It sug­gested that the Prad­han Mantri Jan Dhan Yo­jana, which mainly tar­geted low­erend of pyra­mid, should be used to pro­vide hous­ing fi­nance to peo­ple who held bank ac­counts, thereby di­rectly cater­ing to the tar­geted seg­ment.

The study ti­tled ‘Af­ford­able Hous­ing Fi­nance in In­dia,’ said eco­nom­i­cally-weaker sec­tions (EWS) and low-in­come group ( LIG) cat­e­gories were gen­er­ally not given ac­cess to loans be­cause of many rea­sons such as lack of proper doc­u­men­ta­tion, higher credit and de­fault risk, un­avail­abil­ity of guar­an­tor and oth­ers.

Be­sides, i ncome of t his cat­e­gory was ei­ther un­even through the year or is be­low the ‘vi­able thresh­old,’ to en­sure re­pay­ment of loan.

Ab­sence of a de­vel­oped mar­ket for fi­nanc­ing home- buy­ing re­sulted in lack­lus­tre sup­ply be­cause de­vel­op­ers of af­ford­able hous­ing faced a slow­down in ab­sorp­tion of con­structed units, the study high­lighted.

Devel­op­ment of af­ford­able hous­ing has con­sis­tently been a chal­lenge be­cause of land cost and avail­abil­ity, prac­ti­cal­ity of af­ford­able hous­ing def­i­ni­tion, com­pli­cated reg­u­la­tory process for ap­provals and oth­ers. “Re­lax­ing the norms specif­i­cally for af­ford­able hous­ing seg­ment can boost the depth and width of hous­ing fi­nanc­ing mar­ket,” sug­gested the study. Ac­tor Vivek Oberoi has launched an af­ford­able hous­ing project in Sha­ha­pur, Ma­ha­rash­tra un­der the um­brella pro­gramme Mis­sion 360. The project will pro­vide af­ford­able hous­ing to more than 15,000 fam­i­lies.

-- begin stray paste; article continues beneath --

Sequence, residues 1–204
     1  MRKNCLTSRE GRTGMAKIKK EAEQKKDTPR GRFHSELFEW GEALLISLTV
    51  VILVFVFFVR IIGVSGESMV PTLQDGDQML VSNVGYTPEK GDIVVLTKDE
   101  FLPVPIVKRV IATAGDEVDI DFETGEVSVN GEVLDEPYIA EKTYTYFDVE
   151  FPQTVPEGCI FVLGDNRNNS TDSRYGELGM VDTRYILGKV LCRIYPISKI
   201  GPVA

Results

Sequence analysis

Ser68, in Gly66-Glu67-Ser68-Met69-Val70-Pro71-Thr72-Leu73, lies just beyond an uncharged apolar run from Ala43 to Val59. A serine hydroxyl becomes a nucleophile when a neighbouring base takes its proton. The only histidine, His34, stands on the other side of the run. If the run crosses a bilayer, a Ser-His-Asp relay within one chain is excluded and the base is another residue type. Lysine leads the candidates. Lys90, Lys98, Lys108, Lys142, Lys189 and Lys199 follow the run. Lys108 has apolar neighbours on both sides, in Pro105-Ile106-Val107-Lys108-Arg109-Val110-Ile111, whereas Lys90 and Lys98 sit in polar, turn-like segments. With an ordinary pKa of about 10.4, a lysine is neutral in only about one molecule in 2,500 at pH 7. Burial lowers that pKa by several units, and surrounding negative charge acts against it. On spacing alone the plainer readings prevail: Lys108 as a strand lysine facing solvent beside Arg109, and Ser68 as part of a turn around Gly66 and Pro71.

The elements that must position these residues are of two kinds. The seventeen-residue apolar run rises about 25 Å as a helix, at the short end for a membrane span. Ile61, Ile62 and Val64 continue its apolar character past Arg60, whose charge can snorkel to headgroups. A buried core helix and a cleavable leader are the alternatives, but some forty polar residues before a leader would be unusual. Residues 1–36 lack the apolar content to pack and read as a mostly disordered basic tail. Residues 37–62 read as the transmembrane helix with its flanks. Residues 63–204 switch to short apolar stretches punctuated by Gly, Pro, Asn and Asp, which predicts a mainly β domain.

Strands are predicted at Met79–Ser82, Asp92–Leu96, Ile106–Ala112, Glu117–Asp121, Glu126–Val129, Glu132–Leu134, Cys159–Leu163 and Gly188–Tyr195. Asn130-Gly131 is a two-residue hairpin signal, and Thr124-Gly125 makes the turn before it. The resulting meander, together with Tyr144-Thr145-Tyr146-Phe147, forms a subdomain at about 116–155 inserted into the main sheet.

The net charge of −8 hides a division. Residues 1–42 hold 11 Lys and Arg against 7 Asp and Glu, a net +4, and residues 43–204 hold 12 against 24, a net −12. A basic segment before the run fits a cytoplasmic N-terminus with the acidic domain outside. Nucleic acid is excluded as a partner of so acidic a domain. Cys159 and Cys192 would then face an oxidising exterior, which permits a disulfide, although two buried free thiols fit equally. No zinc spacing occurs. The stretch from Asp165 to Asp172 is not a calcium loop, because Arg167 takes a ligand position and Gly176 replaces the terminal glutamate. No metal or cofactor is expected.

Sha­ha­pur is the first af­ford­able hous­ing project of Karrm In­fra­struc­ture Pvt Ltd that has a tar­get to con­struct five lakh apart­ments within the next three to five years. The com­pany will an­nounce seven more af­ford­able hous­ing projects over the next quar­ter.

Vivek Oberoi, pro­moter and part­ner, Karrm In­fra­struc­ture Pvt Ltd says, “Karrm’s af­ford­able hous­ing projects hope to im­prove the liv­ing con­di­tions of the poor and un­der­priv­i­leged fam­i­lies.” The sec­ond edi­tion of In­ter­na­tional Real Es­tate Expo (IREX) will be held from Oc­to­ber 7 to 9, 2016 at Ashok Ho­tel, New Delhi.

IREX is an an­nual show that presents in­vest­ment av­enues for high net worth and wealthy in­di­vid­u­als who in­tend to in­vest in in­ter­na­tional real es­tate and premium lux­ury prop­er­ties.

IREX 2016 will have par­tic­i­pa­tion of lead­ing in­ter­na­tional real es­tate de­vel­op­ers and mar­ket­ing com­pa­nies and is ex­pected to draw more than 5000 vis­i­tors. It will present in­vest­ment op­por­tu­ni­ties in res­i­den­tial, com­mer­cial, re­tail and leisure sec­tors. Some ma­jor par­tic­i­pants are Da­mac Prop­er­ties, Al Mar­jan Is­land and Rak Prop­er­ties from UAE among oth­ers.


Newspapers in English

Newspapers from India

© PressReader. All rights reserved.